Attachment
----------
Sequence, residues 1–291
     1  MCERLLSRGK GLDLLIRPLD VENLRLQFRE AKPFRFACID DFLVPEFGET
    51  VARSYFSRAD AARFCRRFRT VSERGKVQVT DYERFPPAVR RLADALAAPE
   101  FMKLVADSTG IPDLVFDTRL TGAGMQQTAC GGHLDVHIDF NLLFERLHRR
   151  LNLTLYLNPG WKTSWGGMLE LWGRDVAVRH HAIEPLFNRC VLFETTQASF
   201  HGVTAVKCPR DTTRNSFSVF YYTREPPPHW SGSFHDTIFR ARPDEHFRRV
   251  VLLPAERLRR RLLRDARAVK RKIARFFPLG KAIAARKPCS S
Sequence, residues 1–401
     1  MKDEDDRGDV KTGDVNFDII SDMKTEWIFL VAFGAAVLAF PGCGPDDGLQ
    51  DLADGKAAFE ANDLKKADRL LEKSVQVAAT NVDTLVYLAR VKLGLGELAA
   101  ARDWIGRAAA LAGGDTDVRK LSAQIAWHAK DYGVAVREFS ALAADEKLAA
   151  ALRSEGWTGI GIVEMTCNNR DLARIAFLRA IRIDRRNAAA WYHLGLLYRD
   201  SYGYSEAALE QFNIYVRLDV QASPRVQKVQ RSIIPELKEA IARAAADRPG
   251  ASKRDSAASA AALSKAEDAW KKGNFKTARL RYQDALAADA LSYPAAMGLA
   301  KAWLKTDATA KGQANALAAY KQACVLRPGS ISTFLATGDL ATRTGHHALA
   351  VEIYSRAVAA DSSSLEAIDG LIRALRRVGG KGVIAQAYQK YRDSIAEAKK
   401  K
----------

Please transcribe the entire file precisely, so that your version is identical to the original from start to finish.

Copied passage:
Sequence, residues 1–291
     1  MCERLLSRGK GLDLLIRPLD VENLRLQFRE AKPFRFACID DFLVPEFGET
    51  VARSYFSRAD AARFCRRFRT VSERGKVQVT DYERFPPAVR RLADALAAPE
   101  FMKLVADSTG IPDLVFDTRL TGAGMQQTAC GGHLDVHIDF NLLFERLHRR
   151  LNLTLYLNPG WKTSWGGMLE LWGRDVAVRH HAIEPLFNRC VLFETTQASF
   201  HGVTAVKCPR DTTRNSFSVF YYTREPPPHW SGSFHDTIFR ARPDEHFRRV
   251  VLLPAERLRR RLLRDARAVK RKIARFFPLG KAIAARKPCS S
Sequence, residues 1–401
     1  MKDEDDRGDV KTGDVNFDII SDMKTEWIFL VAFGAAVLAF PGCGPDDGLQ
    51  DLADGKAAFE ANDLKKADRL LEKSVQVAAT NVDTLVYLAR VKLGLGELAA
   101  ARDWIGRAAA LAGGDTDVRK LSAQIAWHAK DYGVAVREFS ALAADEKLAA
   151  ALRSEGWTGI GIVEMTCNNR DLARIAFLRA IRIDRRNAAA WYHLGLLYRD
   201  SYGYSEAALE QFNIYVRLDV QASPRVQKVQ RSIIPELKEA IARAAADRPG
   251  ASKRDSAASA AALSKAEDAW KKGNFKTARL RYQDALAADA LSYPAAMGLA
   301  KAWLKTDATA KGQANALAAY KQACVLRPGS ISTFLATGDL ATRTGHHALA
   351  VEIYSRAVAA DSSSLEAIDG LIRALRRVGG KGVIAQAYQK YRDSIAEAKK
   401  K